The agreed syllabus is hierarchical, the top level contains the ‘Domains’, that is to say the overarching areas of learning. In the second level, the domains have been divided into ‘General Learning Areas’ (GLA) and each GLA will be divided into ‘Specific Learning Areas’ (SLA).
This paper presents the domains and GLAs; the SLAs are still in development and will be presented in a later publication.
It has been assumed that the doctors undertaking specialist training in SEM have prior high-level training in anatomy and exercise physiology. If this is not the case then these areas need to be included in the learning domains.
Physical activity and human health
Medical issues related to exercise
Injuries related to sport and exercise
Sports team care and sports event medical management
Physical activity in challenging environments
Specific groups undertaking sport and exercise
Intrinsic skills of an SEM physician
Extrinsic skills of an SEM physician
For each domain, the following have been agreed as the GLAs:
The role of physical activity in the prevention and treatment of disease: population health perspectives
Applied exercise physiology: types of exercise, effects of exercise and maximising adaptations to exercise
Physical activity guidelines and recommendations
Barriers to physical activity: environmental, social, physical and psychological
Considerations before prescribing exercise
Exercise prescription in healthy individuals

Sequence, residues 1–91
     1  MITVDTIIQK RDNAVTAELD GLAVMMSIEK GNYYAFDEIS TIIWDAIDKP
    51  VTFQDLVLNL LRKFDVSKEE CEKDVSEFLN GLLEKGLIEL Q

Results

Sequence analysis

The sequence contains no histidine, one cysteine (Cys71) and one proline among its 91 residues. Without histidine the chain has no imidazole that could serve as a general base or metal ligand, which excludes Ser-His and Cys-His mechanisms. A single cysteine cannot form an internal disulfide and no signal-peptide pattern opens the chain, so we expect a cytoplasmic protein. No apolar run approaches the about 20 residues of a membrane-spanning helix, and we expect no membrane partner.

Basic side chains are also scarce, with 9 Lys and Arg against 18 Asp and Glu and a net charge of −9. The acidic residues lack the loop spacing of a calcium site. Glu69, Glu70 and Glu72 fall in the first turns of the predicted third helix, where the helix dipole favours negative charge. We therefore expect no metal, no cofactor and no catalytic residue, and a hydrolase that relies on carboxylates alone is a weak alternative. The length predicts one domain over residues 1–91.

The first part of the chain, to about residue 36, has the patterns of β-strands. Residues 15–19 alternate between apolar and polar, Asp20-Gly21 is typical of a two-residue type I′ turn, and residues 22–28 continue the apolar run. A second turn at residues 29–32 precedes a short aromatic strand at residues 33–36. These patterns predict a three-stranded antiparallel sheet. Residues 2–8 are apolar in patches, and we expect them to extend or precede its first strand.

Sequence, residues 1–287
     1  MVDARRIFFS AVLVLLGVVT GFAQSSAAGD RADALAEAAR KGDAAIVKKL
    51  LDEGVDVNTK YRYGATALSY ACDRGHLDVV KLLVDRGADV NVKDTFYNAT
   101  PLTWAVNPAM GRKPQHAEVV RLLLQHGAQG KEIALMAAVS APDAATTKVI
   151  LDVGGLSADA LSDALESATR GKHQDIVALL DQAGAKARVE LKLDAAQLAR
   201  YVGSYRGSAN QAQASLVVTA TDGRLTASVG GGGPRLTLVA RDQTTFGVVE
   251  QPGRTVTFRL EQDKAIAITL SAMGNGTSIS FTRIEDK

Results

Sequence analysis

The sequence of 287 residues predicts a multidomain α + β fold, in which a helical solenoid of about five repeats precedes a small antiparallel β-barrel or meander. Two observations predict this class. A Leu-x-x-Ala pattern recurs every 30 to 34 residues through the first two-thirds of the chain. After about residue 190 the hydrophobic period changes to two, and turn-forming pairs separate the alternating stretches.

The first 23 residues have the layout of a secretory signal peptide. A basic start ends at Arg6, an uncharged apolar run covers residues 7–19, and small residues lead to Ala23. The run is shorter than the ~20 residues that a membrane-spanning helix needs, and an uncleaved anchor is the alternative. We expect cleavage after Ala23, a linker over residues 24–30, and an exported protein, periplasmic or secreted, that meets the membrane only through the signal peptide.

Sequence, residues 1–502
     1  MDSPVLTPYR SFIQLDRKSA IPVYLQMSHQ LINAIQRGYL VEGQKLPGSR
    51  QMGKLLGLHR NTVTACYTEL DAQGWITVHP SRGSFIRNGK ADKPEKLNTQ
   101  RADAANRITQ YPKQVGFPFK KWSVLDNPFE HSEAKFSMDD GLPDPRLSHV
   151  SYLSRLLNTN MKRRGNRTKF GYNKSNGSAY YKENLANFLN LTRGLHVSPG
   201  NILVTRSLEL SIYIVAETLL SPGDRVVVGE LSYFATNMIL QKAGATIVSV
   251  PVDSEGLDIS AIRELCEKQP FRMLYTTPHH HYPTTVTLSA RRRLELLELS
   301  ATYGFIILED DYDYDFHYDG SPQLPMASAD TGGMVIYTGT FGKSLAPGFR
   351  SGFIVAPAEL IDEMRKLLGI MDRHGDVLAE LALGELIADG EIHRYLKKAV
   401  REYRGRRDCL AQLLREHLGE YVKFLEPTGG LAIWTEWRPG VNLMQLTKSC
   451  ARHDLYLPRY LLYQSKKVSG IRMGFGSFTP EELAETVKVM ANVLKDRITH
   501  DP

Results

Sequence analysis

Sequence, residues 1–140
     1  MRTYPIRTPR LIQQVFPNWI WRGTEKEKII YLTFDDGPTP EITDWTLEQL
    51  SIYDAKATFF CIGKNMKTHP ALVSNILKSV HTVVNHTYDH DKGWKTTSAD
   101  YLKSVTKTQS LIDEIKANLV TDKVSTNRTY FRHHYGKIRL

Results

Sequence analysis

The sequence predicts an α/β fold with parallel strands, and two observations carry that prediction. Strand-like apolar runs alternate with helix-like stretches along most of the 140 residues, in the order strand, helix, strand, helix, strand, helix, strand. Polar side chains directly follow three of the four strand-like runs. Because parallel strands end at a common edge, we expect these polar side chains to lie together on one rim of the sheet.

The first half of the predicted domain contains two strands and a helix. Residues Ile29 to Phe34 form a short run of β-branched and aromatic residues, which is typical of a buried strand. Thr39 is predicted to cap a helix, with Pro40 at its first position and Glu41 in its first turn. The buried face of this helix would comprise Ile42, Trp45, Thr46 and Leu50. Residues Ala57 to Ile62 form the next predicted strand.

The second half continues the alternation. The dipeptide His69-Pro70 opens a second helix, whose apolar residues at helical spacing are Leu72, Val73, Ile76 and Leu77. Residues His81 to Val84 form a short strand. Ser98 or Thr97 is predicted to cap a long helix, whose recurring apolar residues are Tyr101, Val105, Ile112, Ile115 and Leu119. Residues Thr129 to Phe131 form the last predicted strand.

Exercise prescription in individuals with disease
Exercise prescription in special circumstances
Communicating the physical activity message beyond the individual
Neurological issues related to physical activity
Respiratory issues related to physical activity
Cardiovascular issues related to physical activity
Gastrointestinal issues related to physical activity
Renal and urogenital issues related to physical activity
Metabolic issues related to physical activity
Ear, nose and throat issues related to physical activity
Immunological and haematological issues related to physical activity
Dermatological issues related to physical activity
Psychological and mental health issues related to physical activity
Principles of tissue injury and repair in the musculoskeletal system
Principles of injury prevention
General pathology of the musculoskeletal system
Head and neck injuries
Upper limb injuries
Trunk, abdominal and thoracic spine injuries
Lumbar spine and pelvic injuries
Lower limb injuries
Interpretation of radiological and other investigations
Principles of injury rehabilitation